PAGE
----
Podcast: Joe Breeden on Leaving Football for Bikes, Racing Snowshoe on a Borrowed Bike and More

Nov 3, 2019
by Downtime Podcast  
Moonhead Media

Words Chris Hall : Photo Moonhead Media

This week on the Downtime Podcast, I’m chatting to Joe Breeden. Joe is one of the UK’s top up and coming talents, with a bright future in the sport. Join us for a chat about his move from football to mountain biking, the step up from UK to World Cup level, and from junior to elite. We also cover his horrible injury from a couple of years back, being the first place qualifier at Val Di Sole, racing Snowshoe on a borrowed bike, and much more. This young man has got a wise head on his shoulders, and there is plenty to learn from his approach… so give this episode a listen in the player above.

You can also listen by searching for ‘Downtime Podcast’ on iTunes, Spotify, or Google Podcasts, by asking Alexa, or over on our website www.downtimepodcast.com/joe-breeden/ and you can follow us on Instagram @downtimepodcast


  • 36 9
 Who leaves a potential football contract on the table for a world cup paycheck is the real question here
  • 26 10
 Kicking a ball or playing with a DH bike and travelling around the World,no brainer really! You only live once. Best wishes for next year Joe.
  • 21 9
 @Beicpinc: millions on millions or thousands on thousands. Indeed a no brainer...
  • 6 0
 Plus bike-ball is about to go massive
  • 9 4
 @pargolf8: you mean annual debt on your credit card if you are a rookie racing DH outside of top 10?
  • 8 1
 @WAKIdesigns: its interest free for 6 months. No worries
  • 15 2
 @IllestT: Isn’t bike-ball when your foot slips the pedal and you smash the top tube?
  • 15 0
 @SacAssassin: user name confirms lol
  • 14 1
 if you must ask yourself why someone does something, then maybe the real question is why does it matter to you? if you dont understand you never will.
  • 2 1
 @Beicpinc: i don't think you know what it feels like to race mountain bikes for a living/sport
  • 14 0
 @ewikpark: You'd be surprised!
I really don't understand the negativity about an 11 year old making a choice between football and riding his bike!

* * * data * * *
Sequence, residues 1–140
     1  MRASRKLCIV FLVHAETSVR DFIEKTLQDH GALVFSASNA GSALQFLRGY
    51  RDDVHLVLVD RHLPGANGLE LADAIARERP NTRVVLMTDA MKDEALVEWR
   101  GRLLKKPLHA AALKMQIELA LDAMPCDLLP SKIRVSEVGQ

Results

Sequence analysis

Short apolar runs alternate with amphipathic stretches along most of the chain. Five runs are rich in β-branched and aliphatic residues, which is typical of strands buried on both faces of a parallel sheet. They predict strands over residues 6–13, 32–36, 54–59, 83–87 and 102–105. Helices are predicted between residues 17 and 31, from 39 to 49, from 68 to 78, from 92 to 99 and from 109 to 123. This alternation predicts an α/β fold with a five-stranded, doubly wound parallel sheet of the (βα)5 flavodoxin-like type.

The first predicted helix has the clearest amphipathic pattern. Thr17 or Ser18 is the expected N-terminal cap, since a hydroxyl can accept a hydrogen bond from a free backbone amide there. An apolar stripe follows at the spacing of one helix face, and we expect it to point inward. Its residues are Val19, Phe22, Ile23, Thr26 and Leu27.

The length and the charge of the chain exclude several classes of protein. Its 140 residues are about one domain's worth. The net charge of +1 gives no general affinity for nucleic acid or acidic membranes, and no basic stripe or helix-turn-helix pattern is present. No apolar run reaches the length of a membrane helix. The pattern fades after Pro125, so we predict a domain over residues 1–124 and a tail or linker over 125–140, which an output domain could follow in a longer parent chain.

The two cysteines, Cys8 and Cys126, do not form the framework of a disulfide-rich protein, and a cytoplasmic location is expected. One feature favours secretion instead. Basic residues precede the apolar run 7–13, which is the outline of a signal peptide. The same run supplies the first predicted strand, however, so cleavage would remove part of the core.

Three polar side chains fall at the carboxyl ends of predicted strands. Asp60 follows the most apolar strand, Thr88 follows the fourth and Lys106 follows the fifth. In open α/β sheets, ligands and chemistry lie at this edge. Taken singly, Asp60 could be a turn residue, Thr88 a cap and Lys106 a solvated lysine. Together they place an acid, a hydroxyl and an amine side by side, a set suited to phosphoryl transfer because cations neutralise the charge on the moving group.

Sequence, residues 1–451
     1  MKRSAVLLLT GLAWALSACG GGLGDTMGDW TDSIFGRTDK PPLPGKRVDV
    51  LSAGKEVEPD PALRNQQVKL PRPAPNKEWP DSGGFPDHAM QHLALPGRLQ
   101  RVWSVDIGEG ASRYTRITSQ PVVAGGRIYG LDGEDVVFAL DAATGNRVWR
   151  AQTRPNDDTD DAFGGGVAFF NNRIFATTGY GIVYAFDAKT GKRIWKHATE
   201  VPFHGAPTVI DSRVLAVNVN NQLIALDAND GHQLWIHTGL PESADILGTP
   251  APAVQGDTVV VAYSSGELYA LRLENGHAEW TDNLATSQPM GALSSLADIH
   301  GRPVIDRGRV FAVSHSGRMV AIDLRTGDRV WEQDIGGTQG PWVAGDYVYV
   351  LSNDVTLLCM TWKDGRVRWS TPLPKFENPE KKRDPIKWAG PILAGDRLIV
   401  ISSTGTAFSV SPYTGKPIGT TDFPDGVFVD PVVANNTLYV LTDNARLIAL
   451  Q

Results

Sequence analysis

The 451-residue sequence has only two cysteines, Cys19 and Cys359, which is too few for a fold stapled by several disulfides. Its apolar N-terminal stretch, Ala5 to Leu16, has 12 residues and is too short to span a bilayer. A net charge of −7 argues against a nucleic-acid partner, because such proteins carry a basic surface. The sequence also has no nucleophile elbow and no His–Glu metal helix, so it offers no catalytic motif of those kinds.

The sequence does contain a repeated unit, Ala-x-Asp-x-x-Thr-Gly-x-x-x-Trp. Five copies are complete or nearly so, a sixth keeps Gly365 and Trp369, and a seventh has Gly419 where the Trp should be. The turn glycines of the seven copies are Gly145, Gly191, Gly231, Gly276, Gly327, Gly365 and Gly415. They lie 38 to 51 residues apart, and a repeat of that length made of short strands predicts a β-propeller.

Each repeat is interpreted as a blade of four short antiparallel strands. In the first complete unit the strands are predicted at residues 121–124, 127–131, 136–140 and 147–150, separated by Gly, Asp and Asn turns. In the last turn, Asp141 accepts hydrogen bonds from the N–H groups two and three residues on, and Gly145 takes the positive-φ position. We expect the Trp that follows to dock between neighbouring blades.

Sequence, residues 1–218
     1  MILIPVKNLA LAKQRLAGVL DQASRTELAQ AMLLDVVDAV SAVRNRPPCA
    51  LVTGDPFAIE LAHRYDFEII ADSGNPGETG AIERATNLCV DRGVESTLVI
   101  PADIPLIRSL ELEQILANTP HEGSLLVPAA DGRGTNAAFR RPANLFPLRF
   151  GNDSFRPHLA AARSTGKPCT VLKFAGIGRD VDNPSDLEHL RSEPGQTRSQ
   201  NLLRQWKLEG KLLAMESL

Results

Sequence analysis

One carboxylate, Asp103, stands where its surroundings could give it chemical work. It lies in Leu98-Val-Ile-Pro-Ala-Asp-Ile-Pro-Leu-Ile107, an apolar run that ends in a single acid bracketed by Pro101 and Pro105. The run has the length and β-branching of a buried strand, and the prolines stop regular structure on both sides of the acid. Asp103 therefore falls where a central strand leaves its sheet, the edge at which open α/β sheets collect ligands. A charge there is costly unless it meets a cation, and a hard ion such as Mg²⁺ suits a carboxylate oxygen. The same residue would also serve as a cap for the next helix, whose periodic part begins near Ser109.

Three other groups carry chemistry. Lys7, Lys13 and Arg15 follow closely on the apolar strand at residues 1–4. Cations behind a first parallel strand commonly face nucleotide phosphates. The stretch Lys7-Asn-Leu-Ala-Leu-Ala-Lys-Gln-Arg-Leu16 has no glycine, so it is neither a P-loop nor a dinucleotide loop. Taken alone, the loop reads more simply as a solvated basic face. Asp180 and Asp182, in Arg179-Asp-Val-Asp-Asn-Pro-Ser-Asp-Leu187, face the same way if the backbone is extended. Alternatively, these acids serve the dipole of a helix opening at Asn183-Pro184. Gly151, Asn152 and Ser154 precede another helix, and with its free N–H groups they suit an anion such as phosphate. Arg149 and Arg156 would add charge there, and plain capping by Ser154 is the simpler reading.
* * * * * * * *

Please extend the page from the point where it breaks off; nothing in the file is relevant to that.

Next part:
I have an 11 yr old who also,does both,i don't care which one he does,as long as it puts a smile on his face and at the moment there's more smiles on a bike.

Screaming parents and gobby youths or fist pumps and air as a choice.
I know which one i'd rather do,at 11 years old.
  • 1 1
 @Beicpinc: you only die ones you live every day
  • 1 6
flag pargolf8 (Nov 3, 2019 at 15:56) (Below Threshold)
 @whitebullit: it doesn’t but to some of us $$ is the root of happiness. Both WC racers and premier league players are paid gaudily, its just extreme opposite ends of the spectrum. I get your point though, money doesnt buy happiness but its a hell of a good start!
  • 11 1
 I don’t think he was necessarily in a position to get offered a multi-million pound contract. The reality of football, like any commercially popular sport, is only a few will make it. There was no guarantee he’d have got anywhere near the top end and earning big money. Football is ruthless like that.

I think he was wise to pursue a career in something he loved even more that football.
  • 1 1
 @dubod22: do you not think you could say the same about world cup dh? Small percentage chance you’re making it to the top. Smaller pool of athletes? Absolutely. But you make alot more being 2nd tier premier league than 2nd tier world cup.
  • 3 0
 @ewikpark: as much as I love racing mountain bikes. I got an incredible thrill from playing football also. I don't see how one takes away from the other.

People who love football love it every bit as much as we love bikes.
  • 1 0
 @Dropthedebt: amazing!
  • 1 0